Editorial: UN arms treaty a small step to global sanity

The international community’s decision to finally pass a treaty that will begin to regulate cross-border sales of conventional weapons is a small step in the direction of global sanity. We’re heartened that the decision included, in a major reversal of the U.S. stance in the past, an affirmative vote by the United States.

Overwhelmingly approved by the United Nations General Assembly April 2, the Arms Trade Treaty, while not banning a single gun or bullet, does set standards for all transfers of conventional weapons across national borders. It also creates binding requirements for states to review all cross-border arms contracts to ensure that arms will not be used in human rights abuses, terrorism or violations of humanitarian law.

The U.N. assembly voted 154 in favor of the treaty, three against and 23 abstentions (U.N. officials said the actual vote should have been 155-3-22; Angola was recorded as having abstained, though it had attempted to vote yes.) Iran, Syria and North Korea cast the sole votes against the treaty.

Major arms producers China and Russia joined Bolivia, Nicaragua and India -- the world’s largest importer of arms -- in abstaining. Significantly, the United States reversed its decades-long policy of opposition to such measures and voted in favor of the treaty.

Though the U.S. is the world’s largest arms supplier, providing some 30 percent of the global arsenal, it has relatively robust requirements for the weapons it exports, which is one reason why it could support this treaty. “In its simplest of terms, what [the treaty] does is it institutionalizes, on a global level, the existing system of export and custom control that presently exist within the United States,” Raymond Offenheiser, president of Oxfam America, said on the public radio program “The World” April 2 after the U.N. had approved the treaty. “We [the U.S.] license all imports and all exports of weapons, and we monitor where they’re coming from and who they’re going to when we’re in the business of exporting them externally.”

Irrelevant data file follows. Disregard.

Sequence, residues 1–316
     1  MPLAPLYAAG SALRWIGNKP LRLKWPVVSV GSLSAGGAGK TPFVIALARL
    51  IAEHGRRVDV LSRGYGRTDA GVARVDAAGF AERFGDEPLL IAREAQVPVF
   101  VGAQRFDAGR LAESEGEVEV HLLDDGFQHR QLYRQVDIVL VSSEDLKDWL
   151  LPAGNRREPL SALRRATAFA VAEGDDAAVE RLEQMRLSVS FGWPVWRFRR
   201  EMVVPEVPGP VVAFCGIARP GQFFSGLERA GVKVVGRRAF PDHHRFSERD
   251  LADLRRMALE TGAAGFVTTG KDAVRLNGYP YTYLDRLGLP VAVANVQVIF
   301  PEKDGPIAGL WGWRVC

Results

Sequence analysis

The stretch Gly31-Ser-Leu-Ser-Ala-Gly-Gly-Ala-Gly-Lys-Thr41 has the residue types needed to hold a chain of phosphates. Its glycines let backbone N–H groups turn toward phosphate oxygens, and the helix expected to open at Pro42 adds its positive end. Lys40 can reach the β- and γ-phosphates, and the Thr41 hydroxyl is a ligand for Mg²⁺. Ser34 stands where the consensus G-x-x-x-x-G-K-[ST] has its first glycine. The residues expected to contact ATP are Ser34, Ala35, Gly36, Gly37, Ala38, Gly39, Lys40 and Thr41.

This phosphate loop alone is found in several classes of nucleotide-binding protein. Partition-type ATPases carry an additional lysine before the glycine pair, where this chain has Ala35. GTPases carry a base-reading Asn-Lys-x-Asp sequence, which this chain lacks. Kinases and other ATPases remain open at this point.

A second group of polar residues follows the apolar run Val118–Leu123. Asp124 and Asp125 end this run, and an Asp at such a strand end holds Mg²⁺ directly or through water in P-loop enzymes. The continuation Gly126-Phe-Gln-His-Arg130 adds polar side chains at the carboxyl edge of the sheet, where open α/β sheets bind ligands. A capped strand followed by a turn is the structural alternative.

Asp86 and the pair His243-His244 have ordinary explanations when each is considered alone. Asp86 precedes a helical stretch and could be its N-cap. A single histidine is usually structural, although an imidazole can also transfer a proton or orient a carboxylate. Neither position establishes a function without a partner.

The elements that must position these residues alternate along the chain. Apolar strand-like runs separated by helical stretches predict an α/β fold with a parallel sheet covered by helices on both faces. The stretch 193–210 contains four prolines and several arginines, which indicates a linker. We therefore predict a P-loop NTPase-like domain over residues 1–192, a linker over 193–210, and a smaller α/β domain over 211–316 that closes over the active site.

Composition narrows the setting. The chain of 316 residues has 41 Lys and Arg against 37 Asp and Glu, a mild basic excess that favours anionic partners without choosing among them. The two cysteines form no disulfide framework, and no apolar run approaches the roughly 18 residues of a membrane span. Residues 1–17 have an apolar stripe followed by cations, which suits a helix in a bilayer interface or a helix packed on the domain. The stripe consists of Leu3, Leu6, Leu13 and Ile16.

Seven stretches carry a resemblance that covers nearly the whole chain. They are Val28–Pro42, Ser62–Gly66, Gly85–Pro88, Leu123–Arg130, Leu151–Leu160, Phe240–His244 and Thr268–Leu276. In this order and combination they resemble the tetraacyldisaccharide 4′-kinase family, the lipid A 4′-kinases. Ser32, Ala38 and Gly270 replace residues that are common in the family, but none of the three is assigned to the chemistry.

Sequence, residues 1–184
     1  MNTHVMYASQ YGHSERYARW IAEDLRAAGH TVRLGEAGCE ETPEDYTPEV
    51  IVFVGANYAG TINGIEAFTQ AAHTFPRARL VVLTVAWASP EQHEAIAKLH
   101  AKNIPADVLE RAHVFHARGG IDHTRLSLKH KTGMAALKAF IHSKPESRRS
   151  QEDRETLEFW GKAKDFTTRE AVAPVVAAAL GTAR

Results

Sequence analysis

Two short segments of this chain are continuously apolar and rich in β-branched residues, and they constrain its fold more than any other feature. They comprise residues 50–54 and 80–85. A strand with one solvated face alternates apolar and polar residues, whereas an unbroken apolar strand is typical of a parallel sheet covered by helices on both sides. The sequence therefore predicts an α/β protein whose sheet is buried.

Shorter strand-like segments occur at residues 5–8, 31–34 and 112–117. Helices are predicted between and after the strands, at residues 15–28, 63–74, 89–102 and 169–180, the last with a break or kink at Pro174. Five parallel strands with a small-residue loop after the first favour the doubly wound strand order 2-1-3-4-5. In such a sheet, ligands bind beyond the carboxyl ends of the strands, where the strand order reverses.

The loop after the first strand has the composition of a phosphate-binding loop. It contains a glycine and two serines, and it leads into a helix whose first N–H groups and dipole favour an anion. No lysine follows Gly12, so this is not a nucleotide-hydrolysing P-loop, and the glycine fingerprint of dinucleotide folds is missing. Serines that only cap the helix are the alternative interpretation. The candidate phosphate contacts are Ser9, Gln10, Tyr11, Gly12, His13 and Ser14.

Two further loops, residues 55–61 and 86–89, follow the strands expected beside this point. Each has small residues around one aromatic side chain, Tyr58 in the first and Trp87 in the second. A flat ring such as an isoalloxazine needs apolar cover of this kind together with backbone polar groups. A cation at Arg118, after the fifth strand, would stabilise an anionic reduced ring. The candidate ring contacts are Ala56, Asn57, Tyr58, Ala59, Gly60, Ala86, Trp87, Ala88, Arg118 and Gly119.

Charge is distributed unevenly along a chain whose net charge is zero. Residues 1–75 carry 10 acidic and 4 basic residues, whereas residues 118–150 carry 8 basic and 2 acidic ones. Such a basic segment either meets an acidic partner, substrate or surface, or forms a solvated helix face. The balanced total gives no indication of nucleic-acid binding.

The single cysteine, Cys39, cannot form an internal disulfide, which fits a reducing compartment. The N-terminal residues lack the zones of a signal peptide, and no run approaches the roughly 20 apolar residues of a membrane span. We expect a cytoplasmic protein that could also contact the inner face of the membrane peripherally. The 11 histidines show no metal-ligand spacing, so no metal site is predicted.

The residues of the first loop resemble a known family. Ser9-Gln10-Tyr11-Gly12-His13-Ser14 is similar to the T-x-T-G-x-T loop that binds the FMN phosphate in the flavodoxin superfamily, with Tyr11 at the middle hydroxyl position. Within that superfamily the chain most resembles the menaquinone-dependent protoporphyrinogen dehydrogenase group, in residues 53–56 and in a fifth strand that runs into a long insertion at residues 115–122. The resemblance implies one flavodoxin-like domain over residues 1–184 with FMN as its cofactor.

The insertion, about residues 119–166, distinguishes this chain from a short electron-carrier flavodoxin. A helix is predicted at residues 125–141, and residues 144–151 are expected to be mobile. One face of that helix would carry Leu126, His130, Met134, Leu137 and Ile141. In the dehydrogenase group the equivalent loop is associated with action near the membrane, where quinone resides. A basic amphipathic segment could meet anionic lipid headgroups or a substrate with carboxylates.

In a sense, the treaty attempts to bring the rest of the world up to this “gold standard” of trade control.

The treaty covers battle tanks, armored combat vehicles, large-caliber artillery systems, combat aircraft, attack helicopters, warships, missiles and missile launchers, small arms and light weapons.

Beginning June 3, the treaty will be open for signatures from U.N. member states. It will enter into force 90 days after the 50th state ratifies it. It normally takes two to three years for a treaty to come into force.

If the treaty tips the world toward sanity, there are opposing forces, none fiercer than the U.S.’s own National Rifle Association. The NRA, in fact, has already swung into action, focusing pressure on the U.S. Senate, which must ratify or reject the treaty after President Barack Obama signs it. Never mind that the Senate is being asked to ratify a treaty for which we already set the gold standard. No one is accusing the NRA of excessive logic.

As part of its fiscal year 2014 budget resolution, the Senate approved an NRA-supported amendment submitted by Sen. James Inhofe, R-Okla., that establishes a fund for “the purpose of preventing the United States from entering into the United Nations Arms Trade Treaty.” The NRA is also pushing measures by Sen. Jerry Moran, R-Kan., and Rep. Mike Kelly, R-Pa., to pass concurrent resolutions opposing the treaty. If successful, this small group of extremists would place the United States in league with Iran, Syria and North Korea.

The Arms Trade Treaty has wide support from organizations like Oxfam and Amnesty International, because it has the potential to save thousands of lives in conflict areas. The Vatican said the treaty “will have a real and lasting impact on all people longing to live in a more secure and safe world.”

In the last 20 years, the world has learned -- painfully learned in the Balkans, Central Africa and now in Syria -- that the greatest threat to global security comes from destabilized states. This treaty will help disarm failed states, militias and terrorist groups. That has to be in everyone’s humanitarian interests. It certainly would align with U.S. strategic security interests.

It would be incredibly sad if the NRA and a small group of elected officials stop the ratification of a treaty that would not only symbolize, but actually do, much good around the world. The Arms Trade Treaty has wide, global support. It’s time for the United States to join that coalition.

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